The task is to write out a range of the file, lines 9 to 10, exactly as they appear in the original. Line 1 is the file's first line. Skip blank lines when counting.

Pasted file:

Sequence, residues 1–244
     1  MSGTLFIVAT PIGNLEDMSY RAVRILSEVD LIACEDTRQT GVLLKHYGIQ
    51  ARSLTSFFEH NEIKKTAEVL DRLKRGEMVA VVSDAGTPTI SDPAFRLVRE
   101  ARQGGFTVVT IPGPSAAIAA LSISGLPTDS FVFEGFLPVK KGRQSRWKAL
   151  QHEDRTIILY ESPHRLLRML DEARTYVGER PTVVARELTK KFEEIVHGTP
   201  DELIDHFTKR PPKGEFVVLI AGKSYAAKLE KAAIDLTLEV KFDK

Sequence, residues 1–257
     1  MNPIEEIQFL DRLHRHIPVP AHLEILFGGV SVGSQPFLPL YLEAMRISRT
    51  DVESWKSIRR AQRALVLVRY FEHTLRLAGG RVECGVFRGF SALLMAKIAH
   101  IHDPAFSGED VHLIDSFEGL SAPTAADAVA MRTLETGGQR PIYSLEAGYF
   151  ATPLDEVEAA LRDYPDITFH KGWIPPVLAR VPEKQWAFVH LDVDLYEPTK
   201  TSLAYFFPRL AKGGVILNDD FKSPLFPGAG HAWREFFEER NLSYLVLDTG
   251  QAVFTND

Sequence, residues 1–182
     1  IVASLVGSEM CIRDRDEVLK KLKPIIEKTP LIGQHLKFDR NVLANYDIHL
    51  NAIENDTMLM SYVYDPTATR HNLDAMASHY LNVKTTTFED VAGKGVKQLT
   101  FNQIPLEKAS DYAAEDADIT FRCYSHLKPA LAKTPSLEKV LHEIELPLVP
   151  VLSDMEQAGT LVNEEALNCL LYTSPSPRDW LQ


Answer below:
    51  DVESWKSIRR AQRALVLVRY FEHTLRLAGG RVECGVFRGF SALLMAKIAH
   101  IHDPAFSGED VHLIDSFEGL SAPTAADAVA MRTLETGGQR PIYSLEAGYF